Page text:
At the start of the year, three teams of young nuclear professionals working at the Nuclear AMRC qualified in the first round of the Spark! Contest for disruptive ideas in low-carbon innovation.
The second round was originally planned to involve a two-day workshop in Paris, with the teams developing their ideas with the guidance of industry mentors. To ensure the safety of participants during the Covid-19 pandemic, the mentoring sessions instead moved online.
Beatriz Acevedo, an assistant research engineer at the Nuclear AMRC, discusses what her team has achieved so far.
“The second phase of the competition has gone digital. This phase consists of developing the start-up ideas submitted into a business case detailing how to get your idea set up and going, with one-to-one virtual mentoring sessions with senior representatives of the low-carbon energy industry.
“Each team is meeting with two different mentors before submitting the business case. They will advise the teams on how best to develop their abstract idea into a detailed report, which not only spans the technology but also different areas of a business such as the route to market and finance.
“My group, with Philip Cradduck and Rebecca Lindsey-Halls, has now been part of both mentoring sessions. Our first session was an introductory discussion with Chris Moore, an independent business consultant. We discussed the structure of the business case and how to populate those sections with our low carbon start-up idea. Our mentor has helped a lot with how to structure the non-technical bits of the case and other insights such as how to make sure our last-mile delivery idea was feasible in both the UK and France. He also highlighted the sections that most groups fall short on in the contest that we need to focus on.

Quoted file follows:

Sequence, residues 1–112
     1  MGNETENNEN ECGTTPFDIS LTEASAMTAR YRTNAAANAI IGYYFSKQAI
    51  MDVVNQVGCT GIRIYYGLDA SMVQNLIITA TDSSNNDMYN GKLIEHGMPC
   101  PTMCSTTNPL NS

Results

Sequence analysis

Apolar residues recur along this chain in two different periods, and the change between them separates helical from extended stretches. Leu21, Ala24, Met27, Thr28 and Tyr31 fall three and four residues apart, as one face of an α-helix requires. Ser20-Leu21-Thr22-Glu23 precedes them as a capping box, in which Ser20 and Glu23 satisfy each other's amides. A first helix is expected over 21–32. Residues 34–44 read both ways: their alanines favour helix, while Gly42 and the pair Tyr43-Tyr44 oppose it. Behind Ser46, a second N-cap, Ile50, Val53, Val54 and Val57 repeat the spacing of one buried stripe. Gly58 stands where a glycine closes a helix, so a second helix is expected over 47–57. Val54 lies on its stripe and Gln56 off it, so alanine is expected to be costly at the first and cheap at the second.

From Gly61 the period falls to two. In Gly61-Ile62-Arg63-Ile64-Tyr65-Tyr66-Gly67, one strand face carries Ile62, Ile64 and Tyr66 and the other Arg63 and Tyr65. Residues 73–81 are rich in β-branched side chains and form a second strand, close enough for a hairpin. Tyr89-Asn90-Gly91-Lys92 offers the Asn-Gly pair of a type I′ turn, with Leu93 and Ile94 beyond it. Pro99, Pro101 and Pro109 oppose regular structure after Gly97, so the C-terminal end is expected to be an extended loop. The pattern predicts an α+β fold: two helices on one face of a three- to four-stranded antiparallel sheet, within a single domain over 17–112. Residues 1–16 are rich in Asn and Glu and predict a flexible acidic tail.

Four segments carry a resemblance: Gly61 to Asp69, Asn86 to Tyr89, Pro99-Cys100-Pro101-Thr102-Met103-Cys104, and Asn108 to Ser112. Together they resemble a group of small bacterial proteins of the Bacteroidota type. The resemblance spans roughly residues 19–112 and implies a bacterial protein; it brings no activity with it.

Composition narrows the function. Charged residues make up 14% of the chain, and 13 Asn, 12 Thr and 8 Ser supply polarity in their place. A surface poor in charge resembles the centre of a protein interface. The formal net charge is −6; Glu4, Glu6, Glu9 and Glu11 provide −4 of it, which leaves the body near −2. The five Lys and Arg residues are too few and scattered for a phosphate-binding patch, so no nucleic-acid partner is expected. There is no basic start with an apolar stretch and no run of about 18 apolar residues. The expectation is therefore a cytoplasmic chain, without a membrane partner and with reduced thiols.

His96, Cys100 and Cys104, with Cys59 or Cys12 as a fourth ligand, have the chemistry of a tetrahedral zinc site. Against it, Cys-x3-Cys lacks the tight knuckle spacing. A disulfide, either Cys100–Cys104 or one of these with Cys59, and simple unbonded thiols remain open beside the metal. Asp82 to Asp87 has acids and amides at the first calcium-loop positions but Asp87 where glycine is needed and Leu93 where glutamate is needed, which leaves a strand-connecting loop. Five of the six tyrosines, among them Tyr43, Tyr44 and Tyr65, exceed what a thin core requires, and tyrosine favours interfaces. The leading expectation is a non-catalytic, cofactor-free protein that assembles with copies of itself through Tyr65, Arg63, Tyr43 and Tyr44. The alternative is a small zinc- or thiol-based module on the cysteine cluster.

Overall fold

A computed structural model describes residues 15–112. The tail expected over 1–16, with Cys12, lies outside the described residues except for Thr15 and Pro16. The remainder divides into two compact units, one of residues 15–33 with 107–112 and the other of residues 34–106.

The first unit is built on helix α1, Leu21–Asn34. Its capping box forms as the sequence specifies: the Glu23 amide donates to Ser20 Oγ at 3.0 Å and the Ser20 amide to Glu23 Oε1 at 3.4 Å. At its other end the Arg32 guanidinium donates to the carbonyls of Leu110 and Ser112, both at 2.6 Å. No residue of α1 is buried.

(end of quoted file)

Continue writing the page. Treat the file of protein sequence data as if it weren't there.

“Our second mentor – Craig Lucas, director of energy transformation at Mott MacDonald – was keen to help us explore the technical sections of the idea to make sure it was a concrete idea that would work. We discussed the logistics on electrifying last mile delivery using e-cargo bikes, and the considerations we would need to take into account such as the regulatory landscapes in France and the UK.
“Because of the mentoring sessions, our proposal has developed from an idea for a last-mile delivery partnership to a more in-depth business model covering the resources, management, financials and technology needed to bring it to life. So far, I have learnt a lot on the different elements to consider for a business proposal and how each one is just as important as the other. Previously, I have been involved with technical projects but this has broadened my understanding of what is required to run a business.”